WE ARE LABORING UNDER MANY DIFFICULTIES
Themain argument of the paper, or its thesis, is that theAfrican-Americans continued to suffer from the evils of racialdiscrimination even as they struggled to prove themselves in thesphere of education. The author provides categorical pieces ofevidence that support this thesis. For instance, the White people inSimpsonville could not believe that a black man could teach the Whitestudents. The Black people, a good number of them who wereself-taught, went ahead to disapprove their adversaries by taking upthe roles of teaching in schools across America. But as the titlesuggests, “laboring under many difficulties’, they were fightinga system that had already marginalized. Statistics on the teachers byrace in the year 1868 is one of the many pieces of evidence thatdemonstrate the Blacks’ efforts to take up teaching roles in manyStates across the country, amidst rough rebellion from the Whites.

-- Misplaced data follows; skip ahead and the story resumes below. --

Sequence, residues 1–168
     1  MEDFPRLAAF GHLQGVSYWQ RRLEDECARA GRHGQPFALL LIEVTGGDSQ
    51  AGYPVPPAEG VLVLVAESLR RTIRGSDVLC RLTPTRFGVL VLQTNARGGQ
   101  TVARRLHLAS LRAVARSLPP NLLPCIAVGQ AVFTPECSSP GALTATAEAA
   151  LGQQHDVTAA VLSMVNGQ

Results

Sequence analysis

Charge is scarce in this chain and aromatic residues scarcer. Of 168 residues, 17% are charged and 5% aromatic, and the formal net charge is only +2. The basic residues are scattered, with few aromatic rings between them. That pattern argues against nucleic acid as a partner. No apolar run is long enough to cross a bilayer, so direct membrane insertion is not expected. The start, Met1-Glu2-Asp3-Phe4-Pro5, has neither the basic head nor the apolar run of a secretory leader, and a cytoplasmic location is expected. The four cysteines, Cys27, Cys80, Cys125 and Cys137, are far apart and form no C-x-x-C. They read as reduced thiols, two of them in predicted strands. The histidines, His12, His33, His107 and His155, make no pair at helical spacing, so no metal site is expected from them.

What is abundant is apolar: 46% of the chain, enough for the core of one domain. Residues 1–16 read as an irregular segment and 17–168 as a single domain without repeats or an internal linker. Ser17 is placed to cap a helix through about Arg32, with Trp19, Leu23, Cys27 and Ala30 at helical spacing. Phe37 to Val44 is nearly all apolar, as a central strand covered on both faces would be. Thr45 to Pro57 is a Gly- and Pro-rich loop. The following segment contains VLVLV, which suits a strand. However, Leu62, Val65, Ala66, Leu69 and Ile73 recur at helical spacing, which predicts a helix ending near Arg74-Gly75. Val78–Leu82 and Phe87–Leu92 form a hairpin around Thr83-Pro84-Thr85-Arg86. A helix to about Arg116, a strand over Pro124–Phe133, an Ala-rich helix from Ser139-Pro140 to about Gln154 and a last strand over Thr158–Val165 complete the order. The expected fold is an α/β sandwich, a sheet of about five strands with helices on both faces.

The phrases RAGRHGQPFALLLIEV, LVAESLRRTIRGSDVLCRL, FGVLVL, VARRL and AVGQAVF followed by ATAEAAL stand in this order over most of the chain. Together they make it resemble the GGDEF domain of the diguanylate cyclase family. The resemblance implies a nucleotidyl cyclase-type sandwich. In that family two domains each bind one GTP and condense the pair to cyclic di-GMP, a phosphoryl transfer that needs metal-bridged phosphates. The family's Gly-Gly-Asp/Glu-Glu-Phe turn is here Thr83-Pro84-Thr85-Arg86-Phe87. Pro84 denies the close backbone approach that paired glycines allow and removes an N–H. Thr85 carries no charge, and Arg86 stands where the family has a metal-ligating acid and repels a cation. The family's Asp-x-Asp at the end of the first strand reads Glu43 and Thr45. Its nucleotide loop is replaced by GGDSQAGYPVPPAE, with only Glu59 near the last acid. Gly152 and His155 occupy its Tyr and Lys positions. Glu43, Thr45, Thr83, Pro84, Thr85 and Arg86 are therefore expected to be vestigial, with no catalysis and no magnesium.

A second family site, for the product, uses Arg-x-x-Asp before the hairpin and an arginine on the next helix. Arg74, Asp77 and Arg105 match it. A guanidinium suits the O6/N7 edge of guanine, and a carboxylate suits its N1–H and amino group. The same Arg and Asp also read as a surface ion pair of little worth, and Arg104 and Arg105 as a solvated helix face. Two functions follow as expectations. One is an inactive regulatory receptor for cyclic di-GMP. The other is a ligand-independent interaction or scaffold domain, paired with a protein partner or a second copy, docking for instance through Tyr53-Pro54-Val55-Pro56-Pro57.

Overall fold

Thereading does highlight an aspect of “laboring under manydifficulties” that this report agrees with. In the wake of theabolishment of slavery, many White people did not accept the factthat the Black people had the intellectual capacity to progressindependently. For instance, the Black people faced aggression fromthe White people who could not welcome the reality that former slaveswere now teachers in schools.1The aggression and frustration of the White people facilitated theAmerican society’s social inequity. In some cases, this culminatedto frequent cases of assault, which threatened the Black people’seducation. The categorical arrangement of the authors’ argumentssupports the paper’s thesis that the Black people were laboringunder many difficulties following the abolishment of slavery inAmerica.
Williams, Heather Andrea. Self-Taught-African American Educationin Slavery and Freedom. London, UK The University of NorthCarolina Press, 2005.
1 Heather Andrea Williams, Self-taught-African American Education in Slavery and Freedom (London, UK The University of North Carolina Press, 2005), 121.
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